Zorx Electronics
Tone Science Triple Cross - AJH Synth

Tone Science Triple Cross - AJH Synth

by Ellison Wolf

When this module came in for review there was a nice handwritten note from Allan Hall, proprietor of AJH Synths (if you haven’t guessed, those are Allan’s initials), wishing us well, among other niceties. When I wrote back (via email; shame on me, I know) thanking him for his thoughtful note and for sending the module he replied:

“It's a vintage-style module, so it's only right that it has an old-school hand-written analogue note with it:).”

While the AJH Synths Tone Science Triple Cross Xfader and Panner (AJHSTSTCXaP!) might be a “vintage-style module,” it’s undeniable that its many uses are timeless. The first module in a planned series of collaborations between AJH synths and UK synthesist/musician/composer/DiN Records label boss Ian Boddy, the idea for the module came about due to a patch Boddy had created on his vintage Serge modular for his 2016 album Tone Science, (also the name of a sub-label he runs) for a slowly morphing panning mix; a shapeshifting ambient chordal generative drone that needed three separate crossfader modules and a plethora of patch cables to realize. Somewhere down the road the idea for one module to take care of the bulk of this duty was born, and the AJH/Ian Boddy team created, with the end result being a module that does perhaps more than Boddy or Hall imagined at the outset of the design process.
The Triple Cross consists of three channels, each with the capability to be used collectively or independently as either a VCA, crossfader, panner, as a crossfader with a reverse panning function, or even for three channels of basic attenuation. In and of itself, this would make it a very useful utility module, but it’s when you start mixing the functionality of the three channels, or “misusing” it in some way, like feeding the VCA an audio rate signal for ring modulation, that it becomes much more interesting.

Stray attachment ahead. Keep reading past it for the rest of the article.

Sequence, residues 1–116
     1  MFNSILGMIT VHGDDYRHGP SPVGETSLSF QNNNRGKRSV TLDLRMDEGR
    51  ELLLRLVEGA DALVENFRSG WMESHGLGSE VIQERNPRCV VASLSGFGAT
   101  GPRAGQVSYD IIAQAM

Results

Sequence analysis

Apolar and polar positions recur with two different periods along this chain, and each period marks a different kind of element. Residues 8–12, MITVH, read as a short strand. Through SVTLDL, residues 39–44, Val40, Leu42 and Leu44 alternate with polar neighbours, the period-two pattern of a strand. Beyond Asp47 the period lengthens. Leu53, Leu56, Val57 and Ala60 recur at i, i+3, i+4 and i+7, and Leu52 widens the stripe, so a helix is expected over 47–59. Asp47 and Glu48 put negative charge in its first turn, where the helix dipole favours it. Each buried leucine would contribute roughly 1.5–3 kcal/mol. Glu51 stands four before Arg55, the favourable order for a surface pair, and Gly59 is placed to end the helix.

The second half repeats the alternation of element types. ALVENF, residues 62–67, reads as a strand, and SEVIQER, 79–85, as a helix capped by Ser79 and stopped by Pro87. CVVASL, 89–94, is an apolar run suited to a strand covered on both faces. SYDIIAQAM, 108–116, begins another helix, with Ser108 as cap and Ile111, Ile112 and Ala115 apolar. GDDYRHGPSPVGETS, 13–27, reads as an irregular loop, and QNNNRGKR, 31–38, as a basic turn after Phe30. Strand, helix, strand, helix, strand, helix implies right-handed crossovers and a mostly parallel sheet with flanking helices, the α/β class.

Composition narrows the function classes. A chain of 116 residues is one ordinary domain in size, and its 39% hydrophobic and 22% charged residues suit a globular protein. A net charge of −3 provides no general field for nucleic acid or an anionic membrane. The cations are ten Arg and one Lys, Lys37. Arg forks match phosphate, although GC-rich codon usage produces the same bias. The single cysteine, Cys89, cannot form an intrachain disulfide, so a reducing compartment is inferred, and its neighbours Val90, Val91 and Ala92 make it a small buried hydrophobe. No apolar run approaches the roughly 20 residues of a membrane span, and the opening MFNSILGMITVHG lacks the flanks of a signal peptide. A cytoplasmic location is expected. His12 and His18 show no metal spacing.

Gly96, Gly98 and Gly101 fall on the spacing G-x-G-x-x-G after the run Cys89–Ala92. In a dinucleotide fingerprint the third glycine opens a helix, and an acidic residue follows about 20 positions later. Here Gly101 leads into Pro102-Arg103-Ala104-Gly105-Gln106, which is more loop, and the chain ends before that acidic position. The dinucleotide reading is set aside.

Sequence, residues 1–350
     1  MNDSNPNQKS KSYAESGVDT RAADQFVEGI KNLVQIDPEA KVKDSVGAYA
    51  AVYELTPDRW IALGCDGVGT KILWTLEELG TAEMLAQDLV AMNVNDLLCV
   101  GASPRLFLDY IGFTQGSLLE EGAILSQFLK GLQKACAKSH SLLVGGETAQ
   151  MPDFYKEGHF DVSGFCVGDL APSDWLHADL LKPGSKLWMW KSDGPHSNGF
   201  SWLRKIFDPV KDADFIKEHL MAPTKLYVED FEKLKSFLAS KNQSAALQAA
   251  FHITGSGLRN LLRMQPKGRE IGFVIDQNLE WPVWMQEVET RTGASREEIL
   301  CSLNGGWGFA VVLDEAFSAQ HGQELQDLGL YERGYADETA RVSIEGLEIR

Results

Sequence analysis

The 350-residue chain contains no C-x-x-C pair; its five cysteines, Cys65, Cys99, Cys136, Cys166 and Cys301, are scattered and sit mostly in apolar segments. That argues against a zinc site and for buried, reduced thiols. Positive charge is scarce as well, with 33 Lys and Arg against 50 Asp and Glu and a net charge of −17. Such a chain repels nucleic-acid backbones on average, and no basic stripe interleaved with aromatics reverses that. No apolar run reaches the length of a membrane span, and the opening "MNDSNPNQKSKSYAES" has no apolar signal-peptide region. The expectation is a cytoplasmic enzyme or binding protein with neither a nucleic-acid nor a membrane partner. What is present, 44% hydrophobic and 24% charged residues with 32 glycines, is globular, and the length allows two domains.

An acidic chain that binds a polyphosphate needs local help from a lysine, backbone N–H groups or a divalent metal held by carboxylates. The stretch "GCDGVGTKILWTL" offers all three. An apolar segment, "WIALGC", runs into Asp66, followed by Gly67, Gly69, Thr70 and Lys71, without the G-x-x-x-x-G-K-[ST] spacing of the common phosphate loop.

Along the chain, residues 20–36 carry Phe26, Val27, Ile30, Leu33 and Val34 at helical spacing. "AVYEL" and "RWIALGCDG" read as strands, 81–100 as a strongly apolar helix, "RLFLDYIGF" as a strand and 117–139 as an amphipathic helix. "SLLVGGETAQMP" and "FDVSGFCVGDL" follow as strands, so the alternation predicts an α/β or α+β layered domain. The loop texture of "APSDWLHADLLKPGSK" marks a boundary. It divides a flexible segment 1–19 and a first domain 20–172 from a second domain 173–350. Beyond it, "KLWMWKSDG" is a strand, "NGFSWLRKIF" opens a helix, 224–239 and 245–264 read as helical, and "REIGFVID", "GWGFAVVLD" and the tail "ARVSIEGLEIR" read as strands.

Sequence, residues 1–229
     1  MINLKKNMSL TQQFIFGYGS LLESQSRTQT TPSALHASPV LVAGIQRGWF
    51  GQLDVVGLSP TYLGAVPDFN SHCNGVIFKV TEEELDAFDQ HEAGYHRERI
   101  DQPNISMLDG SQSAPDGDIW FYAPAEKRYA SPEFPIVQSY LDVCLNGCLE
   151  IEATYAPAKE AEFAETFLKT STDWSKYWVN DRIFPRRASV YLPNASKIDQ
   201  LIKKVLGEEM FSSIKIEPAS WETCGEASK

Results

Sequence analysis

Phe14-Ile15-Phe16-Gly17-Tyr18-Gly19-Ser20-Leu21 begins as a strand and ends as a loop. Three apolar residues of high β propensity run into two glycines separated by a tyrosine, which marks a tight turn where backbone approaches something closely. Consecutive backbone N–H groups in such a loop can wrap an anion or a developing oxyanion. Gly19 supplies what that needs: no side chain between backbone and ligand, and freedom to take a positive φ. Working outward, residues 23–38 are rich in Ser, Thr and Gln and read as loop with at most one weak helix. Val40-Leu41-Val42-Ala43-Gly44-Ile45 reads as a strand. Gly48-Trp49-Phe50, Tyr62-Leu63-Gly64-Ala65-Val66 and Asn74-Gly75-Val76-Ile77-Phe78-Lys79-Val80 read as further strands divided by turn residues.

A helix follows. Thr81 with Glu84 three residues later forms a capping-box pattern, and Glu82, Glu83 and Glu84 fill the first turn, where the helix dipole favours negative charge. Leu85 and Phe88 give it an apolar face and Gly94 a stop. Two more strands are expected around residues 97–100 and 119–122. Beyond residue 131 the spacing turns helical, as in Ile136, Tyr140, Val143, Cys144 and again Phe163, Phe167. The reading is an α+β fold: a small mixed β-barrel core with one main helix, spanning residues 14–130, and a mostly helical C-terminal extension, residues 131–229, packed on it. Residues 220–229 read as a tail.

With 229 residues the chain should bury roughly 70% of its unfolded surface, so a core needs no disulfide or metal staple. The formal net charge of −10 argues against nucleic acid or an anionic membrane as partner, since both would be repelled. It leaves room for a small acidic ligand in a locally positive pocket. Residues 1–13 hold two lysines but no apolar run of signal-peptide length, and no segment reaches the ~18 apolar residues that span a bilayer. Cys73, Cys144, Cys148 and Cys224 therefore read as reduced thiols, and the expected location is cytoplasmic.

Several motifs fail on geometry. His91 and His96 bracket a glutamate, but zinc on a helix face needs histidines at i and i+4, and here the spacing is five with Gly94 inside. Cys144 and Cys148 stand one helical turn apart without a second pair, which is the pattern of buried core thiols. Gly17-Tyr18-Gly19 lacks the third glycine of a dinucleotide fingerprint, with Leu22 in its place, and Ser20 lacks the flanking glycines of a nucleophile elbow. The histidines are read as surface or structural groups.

Each of the three channels consist of a Fade control and CV input with CV Level attenuverter, two inputs (A and B) and two numbered outputs (L-#, R-#). The CV controls are attenuverters with a center-point zero, which means that you can patch in a directionally-shaped envelope or LFO (basically just not a square, sine, or triangle wave) into the CV In for VCA use and depending on the output (L or R) and the knob position, get an ascending or descending envelope. This can create some cool effects, like when multing an envelope and running instances into each of the CV input for two tracks—one attenuated, and one attenuverted—so that there’s a bit of a lag between the two channels as one will be opening as the other is closing, to create some delay, a stuttering effect, or a hacked rhythm, among many other uses.
There is some normalization occurring here, to where the outputs from the first two channels are normalled to the inputs of Channel 3, (which has an input level control for both L and R), so you could also see use for this as a crossfading VCA-controlled four-channel mono or stereo mixer. Try saying that fast fifty times! For audio sources as the inputs, Triple Cross is really useful as a CVable panner/mixer—how Boddy first envisioned it—and patching the first two channels all up with audio rate signals (so they’re normalled to the Channel 3’s output) in every jack (CV included), and a chaotic and gnarly output was had. After clearing my head of this I started to understand Boddy’s desire for slowly morphing change, so using two different barely moving LFOs for the CV ins on both channels and patching up in this way got me closer to what I believe was the initial vision, and made for an interesting listen. Throw those inputs through some modulated filters beforehand and you’ll never hear the same thing twice.
Triple Cross is DC coupled, so it excels in creative CV mixing/combing use, and with two different (and random) CV inputs for each of the first two channels and patched into the SSF Entity Ultra-Perc (see review this issue) to control Length and V/Oct on the Ultra-Perc, it created excellent morphing CV, and being able to control the amount of the modulation at the output of the Triple Cross before it reached the Ultra-Perc was a nice bonus.
Vintage, old school…however you want to say it, the usefulness of Triple Cross and modules like it will never go out of style, and while he’s known for his music and composition, perhaps one day Ian Boddy will be equally known for being the inspiration behind the Triple Cross.

14 HP +12v 80mA -12v 72mA
Price: GBP 216.67